The community selected a boda boda (motorcycle taxi) project in which they used their grant money to purchase two boda bodas and hire drivers. The project should help provide much needed revenue to their community as well as help connect them to other areas. It is a very remote community – to get there we had to take a matatu (shared mini van) for about an hour followed by a boda for another hour or so through windy mountain roads. When we got as close as we could with the boda to the community, we were met with singing and dancing by many of the women who led us on a little hike down to their village. They rolled out the red carpet (and by that I mean laid down palm leaves) and sang and danced the whole way down. While the event went on a little longer (and by a little longer, I mean a LOT longer) than expected, their excitement and pride was palpable. I can’t wait to see how the project does over the next few months and visit again soon.

Testing out a new activity in a community

Mapping Activity                  presenting map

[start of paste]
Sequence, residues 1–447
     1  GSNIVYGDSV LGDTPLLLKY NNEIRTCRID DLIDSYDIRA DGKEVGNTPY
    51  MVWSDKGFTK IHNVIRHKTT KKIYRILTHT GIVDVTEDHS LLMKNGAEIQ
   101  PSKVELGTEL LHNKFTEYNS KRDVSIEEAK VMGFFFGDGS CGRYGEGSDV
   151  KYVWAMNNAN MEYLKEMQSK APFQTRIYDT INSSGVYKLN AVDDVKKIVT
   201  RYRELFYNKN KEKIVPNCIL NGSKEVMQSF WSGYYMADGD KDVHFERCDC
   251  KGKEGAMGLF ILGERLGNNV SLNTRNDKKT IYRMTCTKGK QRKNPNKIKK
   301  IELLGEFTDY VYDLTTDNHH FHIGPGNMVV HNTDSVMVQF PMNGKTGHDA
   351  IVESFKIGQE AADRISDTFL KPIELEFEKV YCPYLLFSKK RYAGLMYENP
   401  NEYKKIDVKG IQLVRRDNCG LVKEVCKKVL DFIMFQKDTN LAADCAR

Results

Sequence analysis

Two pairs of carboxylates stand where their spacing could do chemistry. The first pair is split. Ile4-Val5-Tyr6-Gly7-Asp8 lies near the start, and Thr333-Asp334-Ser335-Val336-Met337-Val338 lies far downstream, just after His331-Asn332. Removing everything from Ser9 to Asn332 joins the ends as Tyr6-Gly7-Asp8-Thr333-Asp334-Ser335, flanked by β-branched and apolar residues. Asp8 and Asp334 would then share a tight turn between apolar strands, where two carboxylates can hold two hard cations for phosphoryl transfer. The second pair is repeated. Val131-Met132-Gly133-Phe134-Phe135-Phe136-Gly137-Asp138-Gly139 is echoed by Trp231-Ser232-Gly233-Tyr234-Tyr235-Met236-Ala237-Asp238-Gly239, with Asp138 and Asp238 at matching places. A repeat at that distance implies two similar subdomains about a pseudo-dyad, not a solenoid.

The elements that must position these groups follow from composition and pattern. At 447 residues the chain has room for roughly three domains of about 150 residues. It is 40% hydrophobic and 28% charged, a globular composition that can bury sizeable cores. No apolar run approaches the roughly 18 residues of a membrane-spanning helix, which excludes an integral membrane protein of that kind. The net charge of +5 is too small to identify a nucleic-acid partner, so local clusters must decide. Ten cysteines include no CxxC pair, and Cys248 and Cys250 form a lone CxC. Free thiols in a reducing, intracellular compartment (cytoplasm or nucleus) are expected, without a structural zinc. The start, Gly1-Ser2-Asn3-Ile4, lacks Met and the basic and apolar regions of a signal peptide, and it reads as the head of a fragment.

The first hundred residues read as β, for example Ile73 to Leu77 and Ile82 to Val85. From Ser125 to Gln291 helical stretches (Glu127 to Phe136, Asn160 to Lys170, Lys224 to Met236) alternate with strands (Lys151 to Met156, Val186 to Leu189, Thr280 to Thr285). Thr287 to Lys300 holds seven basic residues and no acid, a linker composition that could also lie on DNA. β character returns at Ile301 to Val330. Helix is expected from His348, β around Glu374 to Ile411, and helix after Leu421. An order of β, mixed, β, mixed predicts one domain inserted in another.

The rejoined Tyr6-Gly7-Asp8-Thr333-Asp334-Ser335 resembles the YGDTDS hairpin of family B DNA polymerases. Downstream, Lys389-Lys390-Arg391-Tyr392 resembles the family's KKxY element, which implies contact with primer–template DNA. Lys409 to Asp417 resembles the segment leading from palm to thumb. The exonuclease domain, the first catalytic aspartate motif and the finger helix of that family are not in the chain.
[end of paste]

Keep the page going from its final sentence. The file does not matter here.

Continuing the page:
A big part of my job here is to develop tools and resources to support communities who are developing income-generating projects. One of the activities that I have been working with our team to develop is a specific mapping of the communities in which community members physically map out all the current resources in their community that may be relevant when determining objectives to achieve the goal of increased incomes. We tested this out for the first time recently in one of our new communities. The community really seemed to understand the worth of the activity and it did appear to unearth some new, relevant information that may help inform their objective setting and ultimate project choice. Apart from the actual results, the best part was seeing community members working together so well and to see women being so involved. Women were often taking the lead (and to be honest, the groups that were predominantly women came up with some of the best and most comprehensive maps!), but were also displaying such wonderful collaboration – happily passing the marker amongst themselves so everyone could participate. Community-building is one of the main goals of Spark (possibly considered even more important than the actual results of their projects) and it was so wonderful to see this community exemplifying that value.